Purvi Patel case gaining international attention from abortion supporters, pregnancy advocates

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By: Krystal Viviankvivian@953mnc.com

The case of a Granger woman who was found guilty of feticide and neglect of a dependent causing death has received global attention.

Purvi Patel, 33, was sentenced Monday, March 30, to a 41-year sentence, with at least 20 of those years in prison followed by five years on probation. Since the verdict and sentencing, Patel’s case has been the topic of hundreds of blog posts, columns and opinion pieces from news outlets around the world — including The New York TimesThe Guardian and the Sydney Morning Herald. She’s also the focus of two hashtag campaigns on Twitter, #PurviPatel and #Justice4Purvi.

Patel isn’t the first person to be charged with feticide but she is the first to be convicted of and sentenced for feticide after attempting to end her own pregnancy, according to a statement from National Advocates for Pregnant Women.

Some abortion advocates and reproductive healthcare experts are concerned the case sets a precedent to prosecute pregnant women who have miscarriages in unclear circumstances, according to Vox.

“Prosecutors in Indiana are using this very sad situation to establish that intentional abortions as well as unintentional pregnancy losses should be punished as crimes,” Lynn Paltrow, executive director for NAPW, told The Guardian in 2014. “No woman should be arrested for the outcome of her pregnancy.”

Whether or not the infant was stillborn is a point of contention for critics of the feticide charge.

During the trial, prosecutors argued Patel was 25 to 30 weeks pregnant when she took abortion drugs she illegally purchased online from an international pharmacy. She then put the infant’s body in a plastic bag and left it in a dumpster behind Moe’s Southwest Grill in Mishawaka, which her family owns.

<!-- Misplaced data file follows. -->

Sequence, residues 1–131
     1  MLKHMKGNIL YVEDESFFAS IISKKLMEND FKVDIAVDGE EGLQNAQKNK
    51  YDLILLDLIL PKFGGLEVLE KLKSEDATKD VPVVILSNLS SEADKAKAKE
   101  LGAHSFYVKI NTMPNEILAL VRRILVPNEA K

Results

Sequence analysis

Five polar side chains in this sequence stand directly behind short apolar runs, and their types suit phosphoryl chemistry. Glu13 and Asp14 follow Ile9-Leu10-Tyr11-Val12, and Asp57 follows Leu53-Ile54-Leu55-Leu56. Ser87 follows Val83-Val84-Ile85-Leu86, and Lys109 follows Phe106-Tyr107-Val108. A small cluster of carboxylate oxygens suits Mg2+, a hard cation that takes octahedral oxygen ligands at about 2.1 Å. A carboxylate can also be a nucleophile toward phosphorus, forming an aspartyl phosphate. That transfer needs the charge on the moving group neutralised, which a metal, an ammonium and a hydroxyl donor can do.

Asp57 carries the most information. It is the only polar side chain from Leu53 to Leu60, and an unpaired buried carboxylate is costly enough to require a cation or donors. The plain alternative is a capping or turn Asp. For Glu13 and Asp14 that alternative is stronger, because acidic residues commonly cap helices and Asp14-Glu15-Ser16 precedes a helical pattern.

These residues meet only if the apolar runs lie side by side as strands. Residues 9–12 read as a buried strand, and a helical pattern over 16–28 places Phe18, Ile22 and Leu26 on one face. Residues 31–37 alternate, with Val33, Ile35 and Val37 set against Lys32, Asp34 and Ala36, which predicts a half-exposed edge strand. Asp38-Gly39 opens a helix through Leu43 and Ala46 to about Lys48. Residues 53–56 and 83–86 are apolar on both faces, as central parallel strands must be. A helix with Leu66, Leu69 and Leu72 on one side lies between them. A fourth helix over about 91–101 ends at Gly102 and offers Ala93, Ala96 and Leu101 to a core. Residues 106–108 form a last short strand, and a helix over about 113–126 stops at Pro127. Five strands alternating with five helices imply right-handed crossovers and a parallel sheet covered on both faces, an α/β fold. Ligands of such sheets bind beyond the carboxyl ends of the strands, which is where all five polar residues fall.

Patel’s defense argued the infant was stillborn and didn’t respond when she tried to revive it. Her lawyer argued there was no proof Patel received or took the abortion drugs and a toxicologist testified there was no way to accurately test for the abortion drugs in her system, according to WNDU.

Instead of relying on toxicology results as evidence for feticide, prosecutors used text messages found on Patel’s cell phone, according to an analysis from Public Radio International.

In a column for The New York Times Magazine, staff writer Emily Bazelon wrote that medical examiners disagree with tests and evidence used by a pathologist in the trial to determine whether or not the infant was stillborn.

Other columnists argue that Patel’s two charges are contradictory.

“Neglecting a child means that you neglected a live child, and feticide means that the baby was born dead,” Jessica Valenti wrote in a column for The Guardian.

But for St. Joseph County Chief Deputy Prosecutor Mark Roule, the two charges came from very clear circumstances.

“There were two crimes. The first crime (was) performing an abortion without going to a doctor in Indiana and that obviously led to disastrous consequences,” Chief Deputy Prosecutor Mark Roule told WSBT. “After that, she made a terrible choice – neglect of a dependent and that’s the substance of count 1. She had a baby she wasn’t expecting and obviously her choices are what we’ve talked about (during the trial).”

Roule was unavailable for an interview with 95.3 MNC in April.

St. Joseph Superior Court Judge Elizabeth Hurley ruled in August the feticide charge could stand with the neglect charge, according to the South Bend Tribune.

“You, Miss Patel, are an educated woman of considerable means. If you wished to terminate your pregnancy safely and legally, you could have done so,” Hurley said when Patel was sentenced. “You planned a course of action and took matters into your own hands and chose not to go to a doctor.”

Patel plans to appeal her case and has until April 29 to file documents to do so.